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MOSCOW, October 11 (Itar-Tass) —— The Finnish human rights activists intend to turn over the case of Russian citizen Anastasia Zavgorodnyaya, whose children were taken away by the Finnish Social Services, to the European Court of Human Rights, Finnish Human Rights activist Johan Backman told Itar-Tass on Thursday.
He expressed concern over the absence of delimitation of powers in the system of juvenile justice in Finland. One and the same woman who represents the Finnish Social Service acts on its own rules - makes a decision on taking children away from their parents and fulfills its own decision itself, Backman said. Thus, the legislation, the judicial power and the executive power are represented by one and the same person, which is wrong in essence, Backman explained.
On Thursday, Anastasia Zavgorodnyaya told Backman that her baby daughter fell ill. At present, the Russian woman and her daughter have been staying at a “Women’s Shelter”; in Finland pending a resolution of the Finnish court. "The baby fell ill, it has been crying and running a high temperature; on top of that the baby developed an inflammation and was prescribed antibiotics," the woman said.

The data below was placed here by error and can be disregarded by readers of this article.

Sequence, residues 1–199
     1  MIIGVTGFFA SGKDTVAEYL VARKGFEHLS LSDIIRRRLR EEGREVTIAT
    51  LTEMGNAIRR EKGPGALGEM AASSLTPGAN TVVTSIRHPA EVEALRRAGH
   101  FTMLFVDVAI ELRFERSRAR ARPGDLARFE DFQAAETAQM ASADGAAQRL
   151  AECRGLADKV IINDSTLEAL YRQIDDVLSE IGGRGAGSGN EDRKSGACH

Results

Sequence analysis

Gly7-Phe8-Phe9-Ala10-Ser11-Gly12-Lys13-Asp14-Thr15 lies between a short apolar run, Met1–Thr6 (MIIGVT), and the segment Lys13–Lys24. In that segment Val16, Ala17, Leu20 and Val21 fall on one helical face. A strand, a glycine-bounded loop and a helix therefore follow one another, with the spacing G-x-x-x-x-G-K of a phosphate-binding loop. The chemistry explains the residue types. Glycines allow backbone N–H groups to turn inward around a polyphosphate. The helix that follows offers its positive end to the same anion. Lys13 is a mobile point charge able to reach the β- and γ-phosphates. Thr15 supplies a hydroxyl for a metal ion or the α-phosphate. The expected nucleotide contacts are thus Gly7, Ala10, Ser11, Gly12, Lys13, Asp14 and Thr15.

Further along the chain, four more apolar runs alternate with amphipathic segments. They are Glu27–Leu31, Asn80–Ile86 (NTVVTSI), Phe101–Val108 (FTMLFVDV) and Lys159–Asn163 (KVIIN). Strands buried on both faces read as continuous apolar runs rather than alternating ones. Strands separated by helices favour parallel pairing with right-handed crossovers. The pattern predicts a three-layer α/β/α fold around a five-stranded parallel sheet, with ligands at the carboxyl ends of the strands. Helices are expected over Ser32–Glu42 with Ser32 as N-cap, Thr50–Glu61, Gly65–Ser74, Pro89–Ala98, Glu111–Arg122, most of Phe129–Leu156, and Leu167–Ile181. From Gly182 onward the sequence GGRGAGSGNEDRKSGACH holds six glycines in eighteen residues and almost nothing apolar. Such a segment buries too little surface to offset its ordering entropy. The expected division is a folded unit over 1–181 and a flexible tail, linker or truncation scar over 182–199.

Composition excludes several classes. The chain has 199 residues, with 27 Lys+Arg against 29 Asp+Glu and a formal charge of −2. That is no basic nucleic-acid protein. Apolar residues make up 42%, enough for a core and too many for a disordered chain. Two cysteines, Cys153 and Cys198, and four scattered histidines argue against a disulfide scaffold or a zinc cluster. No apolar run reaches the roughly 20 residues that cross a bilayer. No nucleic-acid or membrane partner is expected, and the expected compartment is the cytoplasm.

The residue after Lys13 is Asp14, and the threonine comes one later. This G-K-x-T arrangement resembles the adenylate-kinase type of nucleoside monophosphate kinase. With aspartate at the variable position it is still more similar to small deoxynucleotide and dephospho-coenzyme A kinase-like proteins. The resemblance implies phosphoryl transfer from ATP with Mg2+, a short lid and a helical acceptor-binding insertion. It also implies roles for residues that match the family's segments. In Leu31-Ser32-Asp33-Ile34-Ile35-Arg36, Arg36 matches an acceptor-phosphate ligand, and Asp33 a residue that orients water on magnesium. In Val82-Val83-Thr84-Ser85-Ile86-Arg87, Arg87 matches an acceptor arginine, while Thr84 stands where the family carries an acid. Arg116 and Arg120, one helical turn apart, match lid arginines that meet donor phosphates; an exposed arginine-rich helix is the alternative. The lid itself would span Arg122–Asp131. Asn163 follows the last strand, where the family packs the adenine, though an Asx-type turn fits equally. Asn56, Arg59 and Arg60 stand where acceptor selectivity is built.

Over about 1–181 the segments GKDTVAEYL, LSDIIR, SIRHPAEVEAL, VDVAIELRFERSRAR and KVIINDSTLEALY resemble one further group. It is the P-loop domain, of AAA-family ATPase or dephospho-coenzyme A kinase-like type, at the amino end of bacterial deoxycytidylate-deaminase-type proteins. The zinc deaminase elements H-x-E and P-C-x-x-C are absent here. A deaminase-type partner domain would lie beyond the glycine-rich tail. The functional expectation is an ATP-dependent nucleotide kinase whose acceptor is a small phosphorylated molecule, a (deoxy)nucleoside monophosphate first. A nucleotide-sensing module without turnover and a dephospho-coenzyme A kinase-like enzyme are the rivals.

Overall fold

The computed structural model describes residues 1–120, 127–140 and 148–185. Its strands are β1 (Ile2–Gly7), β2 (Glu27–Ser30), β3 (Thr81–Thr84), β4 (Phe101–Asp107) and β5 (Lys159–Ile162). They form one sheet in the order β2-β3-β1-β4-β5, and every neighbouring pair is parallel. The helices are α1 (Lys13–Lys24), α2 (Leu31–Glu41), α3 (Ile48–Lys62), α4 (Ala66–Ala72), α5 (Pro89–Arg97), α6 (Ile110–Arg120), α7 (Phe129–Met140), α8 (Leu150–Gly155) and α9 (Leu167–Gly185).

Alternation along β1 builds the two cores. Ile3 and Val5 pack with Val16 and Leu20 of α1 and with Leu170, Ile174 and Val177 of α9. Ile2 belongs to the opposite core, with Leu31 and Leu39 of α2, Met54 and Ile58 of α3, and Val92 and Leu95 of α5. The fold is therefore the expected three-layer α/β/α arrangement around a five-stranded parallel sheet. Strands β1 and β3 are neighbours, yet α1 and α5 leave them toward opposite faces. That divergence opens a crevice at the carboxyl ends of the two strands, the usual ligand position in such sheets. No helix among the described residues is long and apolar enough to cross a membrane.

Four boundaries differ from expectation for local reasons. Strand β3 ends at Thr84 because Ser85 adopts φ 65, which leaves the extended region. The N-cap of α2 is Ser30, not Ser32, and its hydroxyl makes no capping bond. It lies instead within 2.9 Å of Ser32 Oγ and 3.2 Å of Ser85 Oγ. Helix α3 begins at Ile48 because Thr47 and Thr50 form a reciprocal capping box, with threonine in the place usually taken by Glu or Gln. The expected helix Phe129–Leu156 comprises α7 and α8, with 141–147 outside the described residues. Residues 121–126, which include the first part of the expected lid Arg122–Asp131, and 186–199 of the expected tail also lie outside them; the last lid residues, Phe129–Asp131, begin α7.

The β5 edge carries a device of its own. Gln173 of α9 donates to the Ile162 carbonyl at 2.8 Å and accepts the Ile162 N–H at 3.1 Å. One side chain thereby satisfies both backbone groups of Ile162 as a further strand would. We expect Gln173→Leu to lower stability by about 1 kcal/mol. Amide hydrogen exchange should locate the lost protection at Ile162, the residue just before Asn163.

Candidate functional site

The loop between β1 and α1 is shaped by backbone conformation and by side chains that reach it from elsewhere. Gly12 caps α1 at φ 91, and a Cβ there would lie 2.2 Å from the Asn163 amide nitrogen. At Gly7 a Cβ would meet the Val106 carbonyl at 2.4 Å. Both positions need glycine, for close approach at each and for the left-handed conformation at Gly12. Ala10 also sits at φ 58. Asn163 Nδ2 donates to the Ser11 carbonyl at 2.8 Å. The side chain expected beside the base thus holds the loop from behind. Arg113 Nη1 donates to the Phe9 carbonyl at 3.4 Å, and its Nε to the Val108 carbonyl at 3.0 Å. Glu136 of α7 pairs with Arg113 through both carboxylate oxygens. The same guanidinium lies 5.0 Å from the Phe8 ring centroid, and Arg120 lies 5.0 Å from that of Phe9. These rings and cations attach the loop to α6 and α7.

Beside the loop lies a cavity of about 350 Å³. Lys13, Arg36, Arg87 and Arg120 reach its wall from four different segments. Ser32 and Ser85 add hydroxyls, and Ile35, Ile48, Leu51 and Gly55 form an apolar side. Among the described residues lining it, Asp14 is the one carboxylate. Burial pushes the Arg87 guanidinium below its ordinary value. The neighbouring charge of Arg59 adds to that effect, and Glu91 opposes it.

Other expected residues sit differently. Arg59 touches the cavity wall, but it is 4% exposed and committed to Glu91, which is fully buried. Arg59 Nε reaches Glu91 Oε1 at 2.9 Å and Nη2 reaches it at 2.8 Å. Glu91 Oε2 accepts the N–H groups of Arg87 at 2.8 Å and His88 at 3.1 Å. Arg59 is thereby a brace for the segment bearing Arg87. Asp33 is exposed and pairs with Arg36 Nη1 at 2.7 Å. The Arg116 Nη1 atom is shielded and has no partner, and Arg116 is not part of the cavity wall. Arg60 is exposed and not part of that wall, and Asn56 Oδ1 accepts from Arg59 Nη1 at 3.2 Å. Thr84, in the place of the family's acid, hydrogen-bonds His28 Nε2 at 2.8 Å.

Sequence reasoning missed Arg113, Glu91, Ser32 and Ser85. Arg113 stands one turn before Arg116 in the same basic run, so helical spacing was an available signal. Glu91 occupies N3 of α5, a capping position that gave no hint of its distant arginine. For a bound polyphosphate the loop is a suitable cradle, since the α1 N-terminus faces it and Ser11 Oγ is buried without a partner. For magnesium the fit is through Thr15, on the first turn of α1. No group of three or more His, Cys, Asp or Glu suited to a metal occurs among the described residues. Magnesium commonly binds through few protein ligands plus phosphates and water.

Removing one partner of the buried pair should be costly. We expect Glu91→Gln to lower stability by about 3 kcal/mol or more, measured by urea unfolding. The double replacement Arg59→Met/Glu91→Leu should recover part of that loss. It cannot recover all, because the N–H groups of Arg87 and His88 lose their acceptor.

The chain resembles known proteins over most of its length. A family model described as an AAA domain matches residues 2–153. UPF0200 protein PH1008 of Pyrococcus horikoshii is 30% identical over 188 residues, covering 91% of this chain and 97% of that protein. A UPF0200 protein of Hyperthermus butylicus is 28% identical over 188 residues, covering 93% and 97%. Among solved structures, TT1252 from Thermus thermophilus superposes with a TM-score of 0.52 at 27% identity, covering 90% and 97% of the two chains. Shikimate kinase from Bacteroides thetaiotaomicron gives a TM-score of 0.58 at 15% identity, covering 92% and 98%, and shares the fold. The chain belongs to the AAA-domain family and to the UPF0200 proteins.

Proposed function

The Finnish Social Service took away the children from their Russian mother, Anastasia Zavgorodnyaya, who lives in Vantaa, under the pretext that her six-year old daughter complained at school that her father had slapped her on the back. The schoolteacher reported the incident to the Social Service which took the elder girl and the twins away from their mother. Later, they also took away the baby which was barely ten days old.
As a result of efforts made by the Russian side and lawyers Anastasia Zavgorodnyaya was allowed to settle in the "Women's Shelter" with her new-born child. She was offered an opportunity to see the child as much as she wants and feed the baby with breast milk.
A decision on the fate of three other children of the Russian citizen, who were born in wedlock after Zavgorodnyaya married a Finnish citizen of Sudanese descent, has been postponed until the beginning of November.
Annually, around 10,000 children are taken away from their families in Finland in connection with suspected violence or improper living conditions at home.
Anastasia Zavgorodnyaya has denied any violence against the children in the family.